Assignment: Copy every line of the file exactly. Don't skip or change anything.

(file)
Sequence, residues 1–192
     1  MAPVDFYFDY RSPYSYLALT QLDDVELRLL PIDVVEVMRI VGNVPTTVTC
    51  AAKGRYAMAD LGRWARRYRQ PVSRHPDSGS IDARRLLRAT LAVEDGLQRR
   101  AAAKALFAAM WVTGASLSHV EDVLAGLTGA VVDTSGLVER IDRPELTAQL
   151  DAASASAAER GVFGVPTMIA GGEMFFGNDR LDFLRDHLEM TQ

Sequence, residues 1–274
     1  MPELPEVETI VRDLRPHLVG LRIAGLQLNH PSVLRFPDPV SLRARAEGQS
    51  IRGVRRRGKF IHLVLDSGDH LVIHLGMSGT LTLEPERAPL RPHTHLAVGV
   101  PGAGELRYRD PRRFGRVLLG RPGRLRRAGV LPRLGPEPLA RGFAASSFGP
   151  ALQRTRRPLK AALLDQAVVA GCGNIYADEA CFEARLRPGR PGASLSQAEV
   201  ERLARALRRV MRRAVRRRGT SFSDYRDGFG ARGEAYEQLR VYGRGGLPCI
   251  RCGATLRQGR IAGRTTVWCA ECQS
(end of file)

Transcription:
Sequence, residues 1–192
     1  MAPVDFYFDY RSPYSYLALT QLDDVELRLL PIDVVEVMRI VGNVPTTVTC
    51  AAKGRYAMAD LGRWARRYRQ PVSRHPDSGS IDARRLLRAT LAVEDGLQRR
   101  AAAKALFAAM WVTGASLSHV EDVLAGLTGA VVDTSGLVER IDRPELTAQL
   151  DAASASAAER GVFGVPTMIA GGEMFFGNDR LDFLRDHLEM TQ

Sequence, residues 1–274
     1  MPELPEVETI VRDLRPHLVG LRIAGLQLNH PSVLRFPDPV SLRARAEGQS
    51  IRGVRRRGKF IHLVLDSGDH LVIHLGMSGT LTLEPERAPL RPHTHLAVGV
   101  PGAGELRYRD PRRFGRVLLG RPGRLRRAGV LPRLGPEPLA RGFAASSFGP
   151  ALQRTRRPLK AALLDQAVVA GCGNIYADEA CFEARLRPGR PGASLSQAEV
   201  ERLARALRRV MRRAVRRRGT SFSDYRDGFG ARGEAYEQLR VYGRGGLPCI
   251  RCGATLRQGR IAGRTTVWCA ECQS